The present study examined the psychometric properties of the Daily Sleep Diary (DSD), an instrument developed for monitoring sleep among chronic pain patients. As part of a comprehensive evaluation, 46 chronic pain patients completed the DSD each morning. Items assessed the number of hours slept, length of sleep onset, frequency of awakenings during the night that resulted in trouble falling back to sleep, early morning awakening, quality of sleep, lack of restfulness, and the previous night's sleep compared to usual sleep. Reliability coefficients were significant. The sleep diary items significantly correlated with other retrospective measures of sleep. Duration of pain complaint was related to delayed sleep onset and lower quality of sleep. Pain seventy was related to fewer hours slept and delayed sleep onset. The DSD items correlated with measures of both depression and anxiety. The results emphasize the importance of including sleep in both assessment and treatment of chronic pain patients.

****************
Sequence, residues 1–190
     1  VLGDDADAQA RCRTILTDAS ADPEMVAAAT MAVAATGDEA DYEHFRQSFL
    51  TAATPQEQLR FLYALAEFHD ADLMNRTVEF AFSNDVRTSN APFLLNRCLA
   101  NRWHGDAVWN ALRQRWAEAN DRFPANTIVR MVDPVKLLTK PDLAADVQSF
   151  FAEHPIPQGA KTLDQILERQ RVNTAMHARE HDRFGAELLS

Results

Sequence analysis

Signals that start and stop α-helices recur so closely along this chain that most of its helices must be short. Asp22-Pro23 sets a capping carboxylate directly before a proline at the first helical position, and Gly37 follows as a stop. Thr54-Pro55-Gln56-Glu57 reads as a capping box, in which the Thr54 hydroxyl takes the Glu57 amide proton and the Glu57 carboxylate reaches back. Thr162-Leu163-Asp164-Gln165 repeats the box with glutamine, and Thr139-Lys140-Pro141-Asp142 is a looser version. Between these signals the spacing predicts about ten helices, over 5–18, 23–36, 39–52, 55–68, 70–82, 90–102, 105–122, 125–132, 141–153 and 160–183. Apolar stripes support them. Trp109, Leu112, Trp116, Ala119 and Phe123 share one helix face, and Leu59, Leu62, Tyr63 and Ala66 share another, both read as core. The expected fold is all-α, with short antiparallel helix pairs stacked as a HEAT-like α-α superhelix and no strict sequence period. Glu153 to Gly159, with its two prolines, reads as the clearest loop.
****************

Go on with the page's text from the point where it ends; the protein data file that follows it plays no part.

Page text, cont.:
ASJC Scopus subject areas
- Clinical Neurology
- Anesthesiology and Pain Medicine